Who's Getting Rich Off Of Ebola?

October 27th 2014

Alex Mierjeski

It’s no secret that the Ebola coverage in the media lately has been a bit, well, over-hyped. Since the Centers for Disease Control and Prevention announced late last month that Thomas Eric Duncan tested positive for the disease—the first person to be diagnosed in the U.S.—coverage has been plagued with hyperbole. 

Stories of panic and confusion have percolated up through various news sites across the country, contributing to a culture of fear as toxic as the disease itself. The media coverage and national concern it can sway seems to ebb and flow with the tide of new cases. After Duncan’s case, and those of the few nurses that contracted Ebola from him, died down, hysteria seemed to relax. 

But late Thursday night, officials announced that a New York City doctor had tested positive after being admitted to a hospital there, likely setting off a whole new wave of panic. 

While it’s safe to say that hysteria does no one much good, for some, the hype has fanned both fears and profits in an uncomfortably tethered manner. From drug companies to hedge funds, here are some of the people standing to profit from the Ebola outbreak. 

Drug Companies 

This category is by far the largest and most obvious  standing to make a quick buck. And in many ways, this scenario is nothing new for the industry; when someone falls ill, the person possessing the remedy calls the shots.

So when Duncan’s case was introduced, the market reacted in what one might assume to be a classic—if depressing—way. The stocks followed the fears onward and upward

But when Duncan died in a Dallas hospital on October 8th, two things happened that illustrate how this unique form of competitive business can play out, and how companies and investors could stand to profit from the continued spread of Ebola.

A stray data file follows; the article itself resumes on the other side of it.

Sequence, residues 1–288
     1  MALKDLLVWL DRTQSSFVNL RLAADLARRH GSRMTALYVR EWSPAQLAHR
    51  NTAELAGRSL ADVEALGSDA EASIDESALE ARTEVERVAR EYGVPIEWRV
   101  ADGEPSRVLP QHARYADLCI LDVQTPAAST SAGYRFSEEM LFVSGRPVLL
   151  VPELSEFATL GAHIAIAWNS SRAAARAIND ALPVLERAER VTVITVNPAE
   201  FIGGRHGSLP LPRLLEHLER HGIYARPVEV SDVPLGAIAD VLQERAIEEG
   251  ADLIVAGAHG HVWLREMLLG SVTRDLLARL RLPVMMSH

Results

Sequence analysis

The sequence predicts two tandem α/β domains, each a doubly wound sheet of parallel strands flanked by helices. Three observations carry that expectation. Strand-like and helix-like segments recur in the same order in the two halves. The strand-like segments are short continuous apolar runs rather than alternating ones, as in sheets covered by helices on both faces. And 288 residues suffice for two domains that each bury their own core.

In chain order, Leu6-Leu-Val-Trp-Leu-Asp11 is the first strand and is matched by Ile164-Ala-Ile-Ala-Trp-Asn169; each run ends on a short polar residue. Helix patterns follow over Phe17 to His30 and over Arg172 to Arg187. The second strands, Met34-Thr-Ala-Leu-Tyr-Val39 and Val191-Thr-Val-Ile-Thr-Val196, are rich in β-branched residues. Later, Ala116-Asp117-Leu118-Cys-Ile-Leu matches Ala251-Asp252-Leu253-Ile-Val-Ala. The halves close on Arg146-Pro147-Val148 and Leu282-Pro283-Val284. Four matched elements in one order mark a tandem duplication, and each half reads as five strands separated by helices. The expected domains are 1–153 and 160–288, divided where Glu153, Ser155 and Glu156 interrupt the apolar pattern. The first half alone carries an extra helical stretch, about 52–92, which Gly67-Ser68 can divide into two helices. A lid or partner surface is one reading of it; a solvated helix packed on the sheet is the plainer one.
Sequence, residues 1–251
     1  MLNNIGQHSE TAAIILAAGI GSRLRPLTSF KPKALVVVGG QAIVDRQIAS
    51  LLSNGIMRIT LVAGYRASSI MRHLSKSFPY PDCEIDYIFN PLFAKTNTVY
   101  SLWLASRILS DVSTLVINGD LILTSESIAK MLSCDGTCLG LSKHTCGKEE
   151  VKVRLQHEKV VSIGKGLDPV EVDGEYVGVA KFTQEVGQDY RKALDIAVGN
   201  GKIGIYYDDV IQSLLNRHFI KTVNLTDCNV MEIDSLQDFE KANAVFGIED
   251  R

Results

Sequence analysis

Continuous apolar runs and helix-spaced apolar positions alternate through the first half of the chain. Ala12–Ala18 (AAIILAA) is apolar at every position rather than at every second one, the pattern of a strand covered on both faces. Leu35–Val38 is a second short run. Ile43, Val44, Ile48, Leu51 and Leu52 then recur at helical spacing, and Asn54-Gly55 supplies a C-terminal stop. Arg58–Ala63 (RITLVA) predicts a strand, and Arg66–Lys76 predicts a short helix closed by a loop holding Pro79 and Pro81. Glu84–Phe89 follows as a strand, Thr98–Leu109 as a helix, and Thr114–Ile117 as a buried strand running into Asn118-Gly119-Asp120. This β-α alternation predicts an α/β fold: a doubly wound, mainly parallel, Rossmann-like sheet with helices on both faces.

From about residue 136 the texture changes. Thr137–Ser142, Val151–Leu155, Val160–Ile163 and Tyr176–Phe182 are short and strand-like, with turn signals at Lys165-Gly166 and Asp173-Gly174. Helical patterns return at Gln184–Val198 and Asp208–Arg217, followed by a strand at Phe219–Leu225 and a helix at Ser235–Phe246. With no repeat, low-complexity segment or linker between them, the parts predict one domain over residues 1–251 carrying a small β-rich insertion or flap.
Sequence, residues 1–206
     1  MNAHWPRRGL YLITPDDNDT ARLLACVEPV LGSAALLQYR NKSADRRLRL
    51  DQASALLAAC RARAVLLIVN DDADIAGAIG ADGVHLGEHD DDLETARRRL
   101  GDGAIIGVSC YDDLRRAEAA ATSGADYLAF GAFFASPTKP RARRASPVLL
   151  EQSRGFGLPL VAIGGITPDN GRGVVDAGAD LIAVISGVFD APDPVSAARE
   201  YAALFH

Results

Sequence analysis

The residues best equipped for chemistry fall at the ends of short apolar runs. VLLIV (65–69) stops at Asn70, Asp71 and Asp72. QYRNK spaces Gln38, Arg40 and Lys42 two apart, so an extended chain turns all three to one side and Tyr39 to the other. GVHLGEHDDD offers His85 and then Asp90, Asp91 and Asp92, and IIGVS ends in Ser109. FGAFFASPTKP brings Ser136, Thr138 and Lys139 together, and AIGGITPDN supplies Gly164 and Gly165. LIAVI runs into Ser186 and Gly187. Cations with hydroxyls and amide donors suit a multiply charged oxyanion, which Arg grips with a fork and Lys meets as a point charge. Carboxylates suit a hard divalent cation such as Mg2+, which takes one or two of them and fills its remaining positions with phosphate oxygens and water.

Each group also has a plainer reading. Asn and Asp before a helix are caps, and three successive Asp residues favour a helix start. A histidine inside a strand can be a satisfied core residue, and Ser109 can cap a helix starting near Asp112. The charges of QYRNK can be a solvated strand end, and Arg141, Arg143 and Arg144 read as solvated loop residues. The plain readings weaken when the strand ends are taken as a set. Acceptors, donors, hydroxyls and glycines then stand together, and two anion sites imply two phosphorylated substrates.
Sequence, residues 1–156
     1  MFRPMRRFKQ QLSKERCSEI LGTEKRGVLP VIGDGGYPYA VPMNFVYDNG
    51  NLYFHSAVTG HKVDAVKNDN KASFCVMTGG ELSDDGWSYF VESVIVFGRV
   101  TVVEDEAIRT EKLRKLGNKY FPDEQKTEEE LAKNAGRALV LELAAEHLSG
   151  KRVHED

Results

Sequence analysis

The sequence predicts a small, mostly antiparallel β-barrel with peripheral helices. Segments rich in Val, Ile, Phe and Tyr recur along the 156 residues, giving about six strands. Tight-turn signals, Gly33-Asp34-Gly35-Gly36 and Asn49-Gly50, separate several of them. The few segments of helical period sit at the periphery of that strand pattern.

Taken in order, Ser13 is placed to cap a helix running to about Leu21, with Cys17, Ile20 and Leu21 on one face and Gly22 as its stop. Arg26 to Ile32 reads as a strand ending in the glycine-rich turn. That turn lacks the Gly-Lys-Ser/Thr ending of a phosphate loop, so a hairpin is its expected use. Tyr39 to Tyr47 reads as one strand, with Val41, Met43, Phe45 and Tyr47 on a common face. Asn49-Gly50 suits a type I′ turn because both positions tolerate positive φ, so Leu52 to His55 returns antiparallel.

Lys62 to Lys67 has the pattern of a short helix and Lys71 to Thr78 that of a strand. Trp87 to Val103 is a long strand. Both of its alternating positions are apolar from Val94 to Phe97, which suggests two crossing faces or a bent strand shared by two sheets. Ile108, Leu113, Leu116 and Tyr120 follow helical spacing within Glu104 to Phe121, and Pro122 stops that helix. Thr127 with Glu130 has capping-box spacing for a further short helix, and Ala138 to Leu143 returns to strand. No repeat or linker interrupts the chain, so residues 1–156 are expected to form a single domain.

Tekmira, one of the many companies that make experimental Ebola treatment drugs, saw its stock value jump almost five percent in less than an hour after the announcement. Conversely, Chimerix stock, a rival company whose product was used to treat Duncan, dropped by nearly ten points in the same time period.

It’s important to remember that drug companies like Tekmira, Chimerix, Sarepta, and BioCryst make products that hope  to stymie progression of the virus in patients and the surrounding populations. Experiments, yes, but when health officials began testing the companies’ drugs, investors saw opportunity, and that very public battle has been “driving greed in some corners of the stock market,” according to CNNMoney.

Protective Garments Companies    

When reports of the New York City doctor’s case trickled in, another sector of the preventative goods market saw a stock surge after a low period driven down when the CDC cleared a host of potential Ebola patients

Protective gear companies like Lakeland Industries and Alpha Pro saw notable turnarounds almost immediately. “The Ebola trade is back,” declared Business Insider

For example, Lakeland’s value jumped as much as 11 percent in the stock market following the reports. The company and others like it, which manufactures protective gear, like the white and yellow hazmat suits and face masks ubiquitous in photographs of Ebola treatment facilities, have seen their stocks fluctuate in lock-step with Ebola fears in the U.S. But much like with the drug companies, when a new case surfaces, the flames are stoked. With greater fears comes greater need for reliable protections.

Hedge Funds

Some of the more far-flung potential moneymakers in the Ebola scare are hedge funds betting on certain markets with the potential for rising prices due to Ebola-related shortages. 

One somewhat surprising documented case so far has been the cocoa market. According to the Wall Street Journal, Ivory Coast is the world’s largest producer, exporting 37.8 percent of the world’s cocoa. Although there are no confirmed cases so far in the country, its neighbors—Liberia and Guinea—have been the hardest hit areas, along with Sierra Leone. 

Along with Ivory Coast, Ghana, and Nigeria make up an estimated 70 percent of the world’s cocoa. The fear is that if Ebola makes its way across borders, it will disrupt the industry in a tangible way. If cocoa workers become infected, that could affect the ability of those countries to operate successfully during the harvest season, which runs from October to March. As a result, exporters in Ivory Coast “are making all efforts to ship cocoa from the country as soon as it is available,” according to the International Cocoa Organization. 

So far, Ebola fears have pushed up cocoa prices 13.4 percent since the start of the year, leaving potential for more and causing hedge fund investors to see potential dollar signs. And as the Los Angeles Times points out, this could pose similar threats to other commodities markets, like gold, in West African countries that have not yet been hit with the disease.